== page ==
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large companies but more towards the SMEs who haven’t necessarily got the resources to spend on that sort of stuff. It’s also targeted at the people on the ground handling our data. We mandate that high and medium-risk suppliers are properly trained and it has proven to be hugely successful. The myriad of consultants and contractors that are constantly working with us and provide an invaluable service have an account on the network just like I have too. So you need to understand what sorts of third parties you are talking about because the risk profi le might be different and the controls you put around them as a consequence might change as well. With regard to what information they have access to, we have a segregation tool that allows us to make that call. We put the suppliers into high, medium and low risk categories and the controls we put into place around this reflect the risk potential they pose to us. Of course, we back this up with a performance review to ensure they are doing the right things. We’ll go back at a later stage and say, ‘You said you’re doing X, but can you prove it to us?’ What key trends do you foresee in information risk management over the next few years? Where will the threats come from? ML. The traditional threats will stay the same – fraudsters, organised criminals and insiders – and these threats will remain constant. Another is around consumerisation and the plethora of devices people are wanting to bring into the organisaton and use, which creates some interesting challenges. The one that interests me, going forward, is around identity and people accessing networks. If you think about it, we all have multiple identities. I just wonder how this can be sustained so we might have to look at that.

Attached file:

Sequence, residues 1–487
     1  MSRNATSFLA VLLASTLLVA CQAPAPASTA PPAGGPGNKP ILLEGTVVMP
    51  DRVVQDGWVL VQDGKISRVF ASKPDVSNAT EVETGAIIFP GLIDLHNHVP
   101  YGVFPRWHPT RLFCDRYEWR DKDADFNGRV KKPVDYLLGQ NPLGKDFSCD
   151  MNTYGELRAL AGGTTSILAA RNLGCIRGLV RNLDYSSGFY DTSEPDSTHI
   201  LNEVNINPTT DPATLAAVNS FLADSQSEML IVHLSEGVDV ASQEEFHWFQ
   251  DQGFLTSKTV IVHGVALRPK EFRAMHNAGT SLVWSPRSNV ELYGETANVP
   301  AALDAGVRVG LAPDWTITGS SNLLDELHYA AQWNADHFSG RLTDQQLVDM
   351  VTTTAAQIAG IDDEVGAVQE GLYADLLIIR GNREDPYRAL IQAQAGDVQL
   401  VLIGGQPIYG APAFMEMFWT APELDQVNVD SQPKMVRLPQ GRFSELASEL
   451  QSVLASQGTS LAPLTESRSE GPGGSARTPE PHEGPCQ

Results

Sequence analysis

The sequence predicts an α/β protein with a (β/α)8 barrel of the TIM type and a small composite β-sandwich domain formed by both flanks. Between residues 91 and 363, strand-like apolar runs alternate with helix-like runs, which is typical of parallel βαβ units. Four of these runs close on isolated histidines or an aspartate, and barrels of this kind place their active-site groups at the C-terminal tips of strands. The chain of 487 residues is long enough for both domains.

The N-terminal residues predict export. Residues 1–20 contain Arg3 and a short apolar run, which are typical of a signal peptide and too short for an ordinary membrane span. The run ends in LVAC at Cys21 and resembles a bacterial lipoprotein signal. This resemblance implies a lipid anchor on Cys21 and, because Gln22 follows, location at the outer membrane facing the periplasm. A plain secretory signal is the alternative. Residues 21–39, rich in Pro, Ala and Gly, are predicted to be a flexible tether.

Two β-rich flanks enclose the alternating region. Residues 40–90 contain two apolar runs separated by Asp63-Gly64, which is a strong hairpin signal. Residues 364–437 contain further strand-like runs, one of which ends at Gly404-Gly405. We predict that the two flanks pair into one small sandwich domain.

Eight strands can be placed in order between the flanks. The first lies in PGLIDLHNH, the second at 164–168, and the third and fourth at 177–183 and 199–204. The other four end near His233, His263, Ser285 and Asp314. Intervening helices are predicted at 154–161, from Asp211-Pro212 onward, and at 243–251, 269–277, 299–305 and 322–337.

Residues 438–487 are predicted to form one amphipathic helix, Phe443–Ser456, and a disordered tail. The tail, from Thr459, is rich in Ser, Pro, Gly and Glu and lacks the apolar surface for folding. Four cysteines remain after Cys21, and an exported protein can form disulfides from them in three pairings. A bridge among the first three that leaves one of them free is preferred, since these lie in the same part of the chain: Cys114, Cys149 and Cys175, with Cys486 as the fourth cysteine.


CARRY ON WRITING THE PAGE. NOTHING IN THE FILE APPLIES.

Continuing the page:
Barclays at a glance Barclays is a major global ﬁnancial services provider engaged in retail banking, credit cards, corporate banking, investment banking, wealth management and investment management services with an international presence in Europe, the Americas, Africa and Asia. With over 300 years of history and expertise in banking, Barclays operates in over 50 countries and employs nearly 147,000 people. Barclays moves, lends, invests and protects money for more than 48 million customers and clients worldwide. Structure Barclays is made up of two ‘clusters’: Global Retail Banking, and Corporate and Investment Banking and Wealth Management, each of which has a number of business units. The third major area of the business is Group Centre, which comprises the support functions. Leadership Barclays Group Chairman is Marcus Agius, and the Group Chief Executive is John Varley. They are supported by Barclays Executive Committee and the Board of Directors. Global presence Barclays Group headquarters is sin London, UK, but they have operations all over the world, with products and services to meet the needs of customers and clients in local markets.